For any company to succeed, it is important that employees are completing all their tasks with both efficiency and quality. One way that organizations can do this is by giving incentives to promote better performance.
This can be a great way to do so as research from Frontiers in Psychology found a positive correlation between the two. Workers who were given incentives for quality work had an increase in performance and productivity.
Having a reward system also became motivation for other employees, boosting morale and even encouraging better management from organization leaders. It is important to note, however, that a good strategy should be set in place so workers are given what they are due and don’t feel like they are being forced to exceed expectations.
Companies should be able to strike a balance between giving rewards to hard workers, without alienating those that are still working on improving.
Here are what organizations can do to incentivize employees to boost performance:
Foster A Sense Of Intrinsic Reward
Firstly, a good foundation for incentivization is helping employees feel fulfilled in all areas of their work. Even if they are not exceeding goals, they should still feel like they did a good job. One way to do this is by fostering a sense of intrinsic reward.
LHH’s article on rewarding employees notes how these intrinsic rewards, or the good feelings people get from doing the work, manifest as enjoyment associated with completing tasks, excitement about new opportunities, and immense satisfaction in doing a good job.
Reminding workers that they are valuable and that their work is worthwhile can do a world of good in helping foster satisfaction. If they are still working on getting better within their roles, providing encouragement will build a sense of security, motivating them to continue honing their skills.
If employees feel like the work they do matters and find fulfillment in their roles, they will continue to try and increase their performance.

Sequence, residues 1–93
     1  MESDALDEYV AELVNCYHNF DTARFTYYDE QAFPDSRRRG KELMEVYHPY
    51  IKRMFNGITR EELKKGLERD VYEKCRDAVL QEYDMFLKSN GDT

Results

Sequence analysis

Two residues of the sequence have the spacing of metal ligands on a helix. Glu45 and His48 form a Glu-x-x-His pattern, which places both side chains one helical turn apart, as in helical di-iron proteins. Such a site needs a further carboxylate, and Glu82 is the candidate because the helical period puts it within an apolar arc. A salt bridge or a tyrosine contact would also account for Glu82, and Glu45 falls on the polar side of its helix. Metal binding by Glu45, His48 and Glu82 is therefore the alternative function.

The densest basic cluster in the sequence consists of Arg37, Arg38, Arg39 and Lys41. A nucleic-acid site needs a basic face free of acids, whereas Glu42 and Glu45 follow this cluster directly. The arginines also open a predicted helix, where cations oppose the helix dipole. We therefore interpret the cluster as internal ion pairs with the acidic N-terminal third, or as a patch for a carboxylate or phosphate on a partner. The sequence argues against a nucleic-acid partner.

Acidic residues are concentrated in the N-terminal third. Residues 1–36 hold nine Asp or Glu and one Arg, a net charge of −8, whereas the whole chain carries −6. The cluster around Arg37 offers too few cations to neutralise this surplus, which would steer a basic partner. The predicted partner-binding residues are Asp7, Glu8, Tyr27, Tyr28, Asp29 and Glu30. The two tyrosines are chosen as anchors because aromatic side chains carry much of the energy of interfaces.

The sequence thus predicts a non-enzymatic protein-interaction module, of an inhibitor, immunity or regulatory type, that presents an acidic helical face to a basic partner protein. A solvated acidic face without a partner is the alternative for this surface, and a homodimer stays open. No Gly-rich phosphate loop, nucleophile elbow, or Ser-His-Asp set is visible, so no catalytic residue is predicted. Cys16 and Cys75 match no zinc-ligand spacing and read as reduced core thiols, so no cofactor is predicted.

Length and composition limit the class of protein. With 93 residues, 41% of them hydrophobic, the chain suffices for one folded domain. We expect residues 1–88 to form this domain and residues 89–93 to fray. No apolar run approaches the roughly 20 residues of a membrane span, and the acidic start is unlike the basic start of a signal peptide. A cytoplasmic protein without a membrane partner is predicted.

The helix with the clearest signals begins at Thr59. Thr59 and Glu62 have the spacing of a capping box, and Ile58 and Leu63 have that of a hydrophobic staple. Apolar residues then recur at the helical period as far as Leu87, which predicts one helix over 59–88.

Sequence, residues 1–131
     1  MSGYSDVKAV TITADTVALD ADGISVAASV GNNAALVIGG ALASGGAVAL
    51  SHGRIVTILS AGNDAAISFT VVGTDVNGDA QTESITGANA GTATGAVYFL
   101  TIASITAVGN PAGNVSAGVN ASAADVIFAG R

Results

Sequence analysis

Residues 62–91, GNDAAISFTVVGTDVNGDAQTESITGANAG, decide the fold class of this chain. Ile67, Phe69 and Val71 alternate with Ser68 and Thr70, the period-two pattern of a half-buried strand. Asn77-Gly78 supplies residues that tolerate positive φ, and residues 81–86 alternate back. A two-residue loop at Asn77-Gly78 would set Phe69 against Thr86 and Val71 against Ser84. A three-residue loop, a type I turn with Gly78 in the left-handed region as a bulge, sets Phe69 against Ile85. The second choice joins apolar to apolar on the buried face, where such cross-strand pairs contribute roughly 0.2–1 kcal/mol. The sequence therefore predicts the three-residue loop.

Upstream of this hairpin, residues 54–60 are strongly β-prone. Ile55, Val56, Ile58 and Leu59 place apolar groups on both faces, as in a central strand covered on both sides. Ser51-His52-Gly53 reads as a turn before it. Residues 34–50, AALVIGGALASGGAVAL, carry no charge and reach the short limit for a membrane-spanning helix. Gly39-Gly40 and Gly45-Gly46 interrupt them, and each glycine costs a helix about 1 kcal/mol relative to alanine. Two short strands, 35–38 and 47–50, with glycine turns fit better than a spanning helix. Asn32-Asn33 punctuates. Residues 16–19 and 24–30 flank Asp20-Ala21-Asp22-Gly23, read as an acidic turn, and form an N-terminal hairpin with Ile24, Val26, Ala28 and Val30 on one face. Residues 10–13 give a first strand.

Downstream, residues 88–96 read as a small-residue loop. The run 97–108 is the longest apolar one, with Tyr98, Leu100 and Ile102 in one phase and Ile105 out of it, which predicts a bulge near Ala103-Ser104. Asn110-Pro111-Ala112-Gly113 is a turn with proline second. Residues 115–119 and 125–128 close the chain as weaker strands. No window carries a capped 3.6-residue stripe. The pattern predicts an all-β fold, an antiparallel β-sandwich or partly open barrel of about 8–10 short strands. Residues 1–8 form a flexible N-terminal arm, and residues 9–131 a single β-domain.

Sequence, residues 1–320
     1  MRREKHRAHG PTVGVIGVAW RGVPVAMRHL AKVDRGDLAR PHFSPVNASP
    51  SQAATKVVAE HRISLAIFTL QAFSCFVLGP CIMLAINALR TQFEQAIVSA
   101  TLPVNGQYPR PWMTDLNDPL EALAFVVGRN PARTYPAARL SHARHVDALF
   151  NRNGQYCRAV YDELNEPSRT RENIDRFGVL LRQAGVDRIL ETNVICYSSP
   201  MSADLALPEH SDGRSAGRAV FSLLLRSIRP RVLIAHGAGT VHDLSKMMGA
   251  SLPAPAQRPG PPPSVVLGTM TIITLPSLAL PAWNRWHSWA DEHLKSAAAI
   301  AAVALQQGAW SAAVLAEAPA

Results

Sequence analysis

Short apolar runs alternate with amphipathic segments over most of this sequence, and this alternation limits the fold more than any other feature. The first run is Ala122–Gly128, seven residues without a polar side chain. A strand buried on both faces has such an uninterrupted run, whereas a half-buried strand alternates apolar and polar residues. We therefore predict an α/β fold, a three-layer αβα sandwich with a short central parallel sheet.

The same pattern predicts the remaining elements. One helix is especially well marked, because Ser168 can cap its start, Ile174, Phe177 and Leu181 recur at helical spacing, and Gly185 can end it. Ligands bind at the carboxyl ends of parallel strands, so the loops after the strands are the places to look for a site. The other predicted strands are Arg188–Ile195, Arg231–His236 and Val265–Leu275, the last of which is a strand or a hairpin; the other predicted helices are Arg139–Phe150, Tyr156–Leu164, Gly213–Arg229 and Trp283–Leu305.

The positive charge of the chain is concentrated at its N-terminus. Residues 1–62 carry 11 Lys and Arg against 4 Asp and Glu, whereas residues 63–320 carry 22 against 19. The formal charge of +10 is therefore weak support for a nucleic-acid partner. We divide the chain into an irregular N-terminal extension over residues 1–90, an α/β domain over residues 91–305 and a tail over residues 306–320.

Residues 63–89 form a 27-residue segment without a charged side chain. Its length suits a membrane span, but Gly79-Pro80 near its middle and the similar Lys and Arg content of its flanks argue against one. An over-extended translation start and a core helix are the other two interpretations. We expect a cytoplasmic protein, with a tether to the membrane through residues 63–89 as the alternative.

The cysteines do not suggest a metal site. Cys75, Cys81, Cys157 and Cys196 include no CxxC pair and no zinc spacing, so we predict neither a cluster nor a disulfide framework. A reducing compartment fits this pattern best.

Recognize Effort And Progress
It is clear that no worker is good right off the bat. When employees are underperforming, they need guidance from management on how they can do their work better. But after a while, this can get demotivating if their effort goes unnoticed.
Our past write-up on “how to hold someone accountable” explains that companies should give these workers feedback and set clear expectations. Over time, they will be able to set visible milestones toward becoming a top performer within their organization.
It is important for companies to recognize this effort as a way to motivate their employees. Simple words of affirmation such as “good job” or “you’re doing so much better” can serve as a validating reward for employees who are striving to do their best. This ties in with fostering a sense of intrinsic reward, as workers will feel happier with the effort they put in to become better performers within their organization.
Give Performance-based Bonuses
One of the most common incentives given by organizations are performance-based bonuses. These are monetary rewards offered to employees for meeting certain criteria outside of what is already expected from their roles.
One study from Administrative Sciences, a peer-reviewed journal on organizational studies, found that bonuses can become a motivation for employees to work hard in their roles, as well as become more responsive to the comments of management.
An example of these rewards can be a marketing professional generating more leads than the target quota, or a salesperson making more sales than they needed to. Organizations can set goals of what an employee should meet and what merits a reward.
This way, workers will have a clear view of what it means to perform well and how they can meet this standard.
Update Reward System As Needed
While performance-based bonuses are certainly an effective incentive to boost employee performance, many workers might want to be rewarded in other ways. This is why it is important for an organization to update its reward system as needed.
It will not only meet the needs of their workers, but also show that they are listening to what their employees want. Instead of bonuses, some workers may want increased days of paid time off.
Others might instead prefer more engaging activities such as company-sponsored trips for top performers. By adapting their reward system to their employees, companies will be able to see greater willingness to exceed goals, without losing morale and motivation.
This can also provide a concrete way to incentivize different amounts of effort being put into exceeding performance goals.